December 2017 CD Reviews

November 2017 CD Reviews
Paavo Järvi conducts Brahms – Symphony 2 & Tragic and Academic Festival Overtures – Deutsche Kammerphilharmonie Bremen [RCA Red Seal]
December, 2017 |  The opening of the Symphony is mellifluous, quite dreamy, rather pastoral, the emphasis is on lyricism, and, although there is effective dialoguing (and echoing) between antiphonal violins, and some vivid timpani detailing, there is one moment during the exposition (from 3’40”) where a sudden increase in tempo rather derails a sense of organic growth... ... Interesting then (not a euphemism) but there are doubts: in a concert some of Paavo Järvi’s decisions might be thought of as whimsical... 
Colin Davis conducts Brahms, with Gerhard Oppitz & Kyoko Takezawa [Bavarian Radio Symphony Orchestra; RCA Red Seal]
December, 2017 |  Colin Davis takes a powerful approach to Brahms’s music. The richly coloured timbre of the Bavarian Radio Symphony Orchestra is ideally suited to this composer and the sound is enhanced by the great warmth of Munich’s Herkulessaal.  
Steven Isserlis plays Cello Concertos by Haydn & C. P. E. Bach [Deutsche Kammerphilharmonie Bremen; Hyperion]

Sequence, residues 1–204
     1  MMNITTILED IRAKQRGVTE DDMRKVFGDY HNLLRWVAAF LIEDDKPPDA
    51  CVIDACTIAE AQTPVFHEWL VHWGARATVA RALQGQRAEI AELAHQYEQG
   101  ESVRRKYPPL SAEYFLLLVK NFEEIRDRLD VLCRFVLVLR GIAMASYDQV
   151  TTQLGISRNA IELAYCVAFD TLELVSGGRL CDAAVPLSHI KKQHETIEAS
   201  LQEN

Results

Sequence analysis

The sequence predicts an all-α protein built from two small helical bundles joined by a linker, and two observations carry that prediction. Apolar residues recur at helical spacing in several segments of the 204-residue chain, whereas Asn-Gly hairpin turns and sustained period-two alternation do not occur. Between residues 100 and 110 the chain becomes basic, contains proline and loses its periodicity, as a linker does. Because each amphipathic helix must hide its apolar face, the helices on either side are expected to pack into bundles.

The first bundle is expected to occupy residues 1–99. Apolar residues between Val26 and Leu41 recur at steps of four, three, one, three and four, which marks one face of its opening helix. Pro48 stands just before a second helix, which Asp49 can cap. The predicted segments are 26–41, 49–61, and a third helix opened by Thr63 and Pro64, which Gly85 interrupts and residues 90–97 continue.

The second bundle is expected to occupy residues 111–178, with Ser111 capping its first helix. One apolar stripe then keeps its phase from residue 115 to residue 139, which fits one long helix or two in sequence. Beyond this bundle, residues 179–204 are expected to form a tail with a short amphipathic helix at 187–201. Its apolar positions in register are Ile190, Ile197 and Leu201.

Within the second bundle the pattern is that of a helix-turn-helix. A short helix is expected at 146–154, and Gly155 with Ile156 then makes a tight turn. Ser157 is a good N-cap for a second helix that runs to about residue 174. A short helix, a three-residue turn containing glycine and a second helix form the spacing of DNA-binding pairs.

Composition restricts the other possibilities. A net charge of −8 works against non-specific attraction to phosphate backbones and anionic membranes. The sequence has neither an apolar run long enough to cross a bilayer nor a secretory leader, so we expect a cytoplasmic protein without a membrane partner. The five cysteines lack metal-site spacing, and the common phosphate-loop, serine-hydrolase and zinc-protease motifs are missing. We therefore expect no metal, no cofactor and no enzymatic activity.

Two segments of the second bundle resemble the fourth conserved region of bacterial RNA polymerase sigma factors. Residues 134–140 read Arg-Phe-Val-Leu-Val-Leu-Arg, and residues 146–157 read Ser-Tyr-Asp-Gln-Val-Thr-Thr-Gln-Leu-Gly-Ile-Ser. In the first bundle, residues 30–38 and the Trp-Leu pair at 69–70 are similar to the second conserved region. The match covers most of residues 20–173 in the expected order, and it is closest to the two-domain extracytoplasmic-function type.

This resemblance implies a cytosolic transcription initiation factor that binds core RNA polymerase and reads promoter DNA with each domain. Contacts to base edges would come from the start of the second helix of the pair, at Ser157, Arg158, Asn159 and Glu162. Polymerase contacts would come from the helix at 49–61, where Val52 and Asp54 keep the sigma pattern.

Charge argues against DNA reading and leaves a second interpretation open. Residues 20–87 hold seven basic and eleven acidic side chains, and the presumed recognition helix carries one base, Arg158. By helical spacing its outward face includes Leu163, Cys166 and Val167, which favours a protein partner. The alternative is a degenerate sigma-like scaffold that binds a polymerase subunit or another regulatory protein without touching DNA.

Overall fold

December, 2017 |  This is the third performance of Haydn’s C-major Cello Concerto featuring Steven Isserlis that I have heard and each one is superb. In his 1998 RCA recording with Roger Norrington he showed great depth of perception and consummate control of his instrument in the demanding rapid passages. At the English Haydn Festival in 2007 Isserlis joined Anthony Halstead in a dashing account which was daringly fast in the Finale. As fast as possible always seems the ideal speed for that movement and in this Hyperion recording the cellist’s view remains the same. ... There is a curiosity about the last movement of Carl Philipp Emanuel Bach’s delightful A-major Cello Concerto... 
Dvořák – String Quintet Opus 97 & String Quartet Opus 105 – Takács Quartet & Lawrence Power [Hyperion]
December, 2017 |  I can listen to Dvořák’s mature chamber music at any time of the day or night, something which does not hold for every composer. When the music is for strings, it is always a joy to hear how this self-styled “simple Czech musician” varies textures and suits his material to the individual instruments. ... Tempos in this version by the expanded Takács Quartet are all orthodox. Lawrence Power’s viola gets the first movement off to a sonorous start and once the Allegro non tanto is truly launched, the music dances quite nicely... 


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